Part of our sustainability mission includes our commitment to the soil, including the use of modest amounts of animal manures in our compost and on our fields. That means that we need to learn to manage small populations of livestock on the farm.
In 2010, we began to work with an interesting mix of animal species. For instance, we are getting help with field pollination in our trials from honeybees. The Grozinger lab at Penn State maintains a small apiary in the middle of G2's research farm. We get improved pollination (and a modest amount of honey!); we help out our friends at Penn State; and the Penn Staters get an isolated site in which to maintain their research honeybee colonies on a farm maintained under sustainable practices.
We decided that it was time to find an on-site way to use as much of the field and kitchen waste as we could. Raising a few feeder pigs each summer seemed to be an ideal solution. We fenced in an unused corner of the pasture; put up a small open-sided structure; brought in a water line --- and we were ready for pigs. Our trio of hogs --- all barrows coming from the Penn State breeding program --- are reared on pasture, with constant access to a locally-produced growing ration and cool fresh water. We've raised pigs before, but it's been since the early '80's. Three seems like a good number, but we could probably handle a few more in the same space by adding a second self-feeder.
To keep all of us in the right frame of mind, we've named the feeders Bacon, Ham and Pork Chop. The pigs are cute, friendly, entertaining --- but they are destined for the table. We need to keep that clearly in mind.
We routinely have to deal with insect and arthropod pests in the field. In fact, it is not unusual to find ticks on our legs and on our pets. As a result, we are attempting to manage the field population of ticks and insect pests by maintaining a flock of guinea fowl. The guinea keets arrived in May. We brooded them inside while we constructed a 12 by 20 poultry house. The guineas free-range over the farm, entertaining us with their antics. Are we seeing any measurable pest-control? We're not sure. Once the winter squash crop comes into fruit, we hope to see the guineas in the squash chomping our the bugs. They have been a minor nuisance in the home garden --- guineas seem to like lettuce to the exclusion of just about anything else in the garden, apparently --- but it's not a major problem. There are plenty of other, less guinea-attractive, greens in the garden.
If you are thinking about guineas, be prepared. Guineas ARE noisy. REALLY noisy.
Guineas are also very protective of what they perceive as their space. There was a large skunk in the garden a few evenings ago. The guineas spotted it, and literally chased it for about 450 ft by running at it flapping and squawking. The skunk went under the fence and into the woods, but the guineas continued to squawk at it until they could no longer see it. They do similar things with our cats, but the cats don't run away. They simply crouch down and hiss at the larger birds. Face-offs in the yard are routine, but each side rather quickly backs down.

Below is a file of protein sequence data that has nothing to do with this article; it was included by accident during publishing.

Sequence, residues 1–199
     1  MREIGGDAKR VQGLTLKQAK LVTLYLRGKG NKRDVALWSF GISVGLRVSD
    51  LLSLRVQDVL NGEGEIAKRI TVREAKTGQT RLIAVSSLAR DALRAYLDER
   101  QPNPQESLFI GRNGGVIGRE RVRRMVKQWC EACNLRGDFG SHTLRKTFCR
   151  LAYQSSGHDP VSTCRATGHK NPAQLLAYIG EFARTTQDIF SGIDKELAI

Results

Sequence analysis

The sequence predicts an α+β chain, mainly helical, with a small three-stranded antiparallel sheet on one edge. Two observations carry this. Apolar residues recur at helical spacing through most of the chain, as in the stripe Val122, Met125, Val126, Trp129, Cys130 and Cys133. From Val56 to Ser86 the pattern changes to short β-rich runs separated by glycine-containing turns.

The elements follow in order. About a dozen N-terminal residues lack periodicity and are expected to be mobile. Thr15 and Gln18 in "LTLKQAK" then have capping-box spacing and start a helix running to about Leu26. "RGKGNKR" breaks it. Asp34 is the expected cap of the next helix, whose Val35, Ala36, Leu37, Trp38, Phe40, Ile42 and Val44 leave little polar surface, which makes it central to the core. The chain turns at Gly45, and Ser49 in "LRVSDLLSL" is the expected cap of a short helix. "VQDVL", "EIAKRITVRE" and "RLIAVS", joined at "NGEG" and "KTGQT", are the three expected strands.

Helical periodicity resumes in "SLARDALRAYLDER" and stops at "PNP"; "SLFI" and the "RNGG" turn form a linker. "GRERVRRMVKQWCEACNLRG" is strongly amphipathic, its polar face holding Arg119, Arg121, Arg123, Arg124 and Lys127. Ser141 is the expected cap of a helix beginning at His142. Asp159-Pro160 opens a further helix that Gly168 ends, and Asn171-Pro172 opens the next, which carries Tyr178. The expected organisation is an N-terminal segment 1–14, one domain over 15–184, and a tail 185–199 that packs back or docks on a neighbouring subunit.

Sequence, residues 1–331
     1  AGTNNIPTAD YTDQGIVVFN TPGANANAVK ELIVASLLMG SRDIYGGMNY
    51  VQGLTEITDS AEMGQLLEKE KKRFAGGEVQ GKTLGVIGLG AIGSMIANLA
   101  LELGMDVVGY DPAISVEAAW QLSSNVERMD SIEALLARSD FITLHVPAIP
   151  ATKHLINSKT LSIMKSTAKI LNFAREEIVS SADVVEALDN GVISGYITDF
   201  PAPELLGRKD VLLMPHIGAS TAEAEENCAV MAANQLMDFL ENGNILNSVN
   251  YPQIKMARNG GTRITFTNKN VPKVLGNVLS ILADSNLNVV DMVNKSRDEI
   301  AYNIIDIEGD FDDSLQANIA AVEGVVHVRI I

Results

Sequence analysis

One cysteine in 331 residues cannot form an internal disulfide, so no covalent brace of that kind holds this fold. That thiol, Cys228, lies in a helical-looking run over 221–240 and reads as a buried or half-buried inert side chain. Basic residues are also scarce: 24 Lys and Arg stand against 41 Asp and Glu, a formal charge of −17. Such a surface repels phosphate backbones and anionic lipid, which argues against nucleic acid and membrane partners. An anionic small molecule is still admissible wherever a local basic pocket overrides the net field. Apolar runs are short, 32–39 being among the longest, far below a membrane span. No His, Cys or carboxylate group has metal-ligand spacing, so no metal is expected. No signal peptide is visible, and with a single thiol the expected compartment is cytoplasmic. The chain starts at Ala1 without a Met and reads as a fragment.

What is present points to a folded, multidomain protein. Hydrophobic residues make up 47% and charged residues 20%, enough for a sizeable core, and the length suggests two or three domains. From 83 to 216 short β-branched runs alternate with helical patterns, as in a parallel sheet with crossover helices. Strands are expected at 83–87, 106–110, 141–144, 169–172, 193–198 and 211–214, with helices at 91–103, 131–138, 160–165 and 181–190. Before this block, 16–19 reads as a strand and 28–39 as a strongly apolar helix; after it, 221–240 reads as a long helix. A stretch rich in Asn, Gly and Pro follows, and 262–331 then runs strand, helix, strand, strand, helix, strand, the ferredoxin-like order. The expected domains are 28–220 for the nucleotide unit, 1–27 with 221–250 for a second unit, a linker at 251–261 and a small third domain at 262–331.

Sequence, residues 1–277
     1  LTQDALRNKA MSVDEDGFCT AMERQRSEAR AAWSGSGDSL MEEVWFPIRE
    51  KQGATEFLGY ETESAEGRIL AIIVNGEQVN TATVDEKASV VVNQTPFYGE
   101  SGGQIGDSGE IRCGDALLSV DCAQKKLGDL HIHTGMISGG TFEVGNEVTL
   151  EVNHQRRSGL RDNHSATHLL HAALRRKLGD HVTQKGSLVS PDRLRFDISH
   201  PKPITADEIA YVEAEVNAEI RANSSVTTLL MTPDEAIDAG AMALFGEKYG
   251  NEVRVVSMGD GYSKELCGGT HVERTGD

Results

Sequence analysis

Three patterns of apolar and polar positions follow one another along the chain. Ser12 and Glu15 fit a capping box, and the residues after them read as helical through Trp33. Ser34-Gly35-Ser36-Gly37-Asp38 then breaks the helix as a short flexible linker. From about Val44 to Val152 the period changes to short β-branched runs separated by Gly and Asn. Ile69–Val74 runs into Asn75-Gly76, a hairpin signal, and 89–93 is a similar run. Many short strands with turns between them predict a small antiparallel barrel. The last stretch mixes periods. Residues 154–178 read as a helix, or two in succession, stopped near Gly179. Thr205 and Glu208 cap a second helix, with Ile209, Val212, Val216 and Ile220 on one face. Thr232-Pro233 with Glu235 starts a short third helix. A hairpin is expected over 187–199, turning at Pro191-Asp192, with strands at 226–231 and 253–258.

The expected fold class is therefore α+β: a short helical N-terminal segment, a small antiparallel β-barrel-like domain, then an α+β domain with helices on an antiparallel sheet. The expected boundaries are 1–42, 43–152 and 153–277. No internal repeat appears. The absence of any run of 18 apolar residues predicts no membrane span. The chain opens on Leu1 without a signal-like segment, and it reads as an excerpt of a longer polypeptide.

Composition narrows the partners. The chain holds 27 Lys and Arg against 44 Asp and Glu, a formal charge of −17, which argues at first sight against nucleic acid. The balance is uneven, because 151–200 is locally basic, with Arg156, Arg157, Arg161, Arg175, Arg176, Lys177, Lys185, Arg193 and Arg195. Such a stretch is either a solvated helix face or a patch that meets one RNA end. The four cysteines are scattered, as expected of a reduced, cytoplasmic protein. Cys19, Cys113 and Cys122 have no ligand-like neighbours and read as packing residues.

We also brought in a small flock of chickens (only hens) to provide eggs (as well as a modest amount of manure, and a way to use some of the kitchen waste). These young hens (pullets) are just now 18 weeks old and have just begun laying brown eggs. The pullets are hybrids resulting from a cross between Rhode Island Red and Barred Rock strains. In this hybrid, the male chicks are yellow (ultimately maturing to mostly white) whereas the female chicks are mostly brown and red shades. It's a phenomenon in animal genetics called "sex-linked" but it enables us to maintain an all-female flock. Which will ultimately be a positive on a summer's morning at 5AM. Hens don't crow to greet the morning, and guineas on their evening roost tend to simply chirp, rather than squawk.
Bees, chickens, pigs, guineas. Where are the cattle and horses? We're really too small to handle large animals to our satisfaction. Our field space is in research, so that we cannot readily produce the forages needed to do large animals. Purchasing forages for beef cattle, for instance, would make the cost of beef unrealistically high, despite the fact that we'd like to have the manures available. It will be more realistic to purchase locally-produced beef from a grower whose practices we respect. We may even be able to trade pork for beef sometime in the future.
We considered fencing in the fields, and using the aisles and paths for pasture. That would provide us with about 4 A in total area as pasture --- not an unreasonable acreage for a few head of beef. However, fencing in the research plots makes plot management much less convenient. We need about 30 ft around all sides of the plot for tractor access and turning, and when we factor that into our plot spacing, we just don't have enough space for our research and raising large animals like beef cattle or horses.
Anything else? How about our mobile rodent control devices? Doesn't she simply look terrifying? But she is a good mouser, and we need good rodent control in a breeding greenhouse. It is amazing how quickly field mice learn to eat seeds in the developing pods.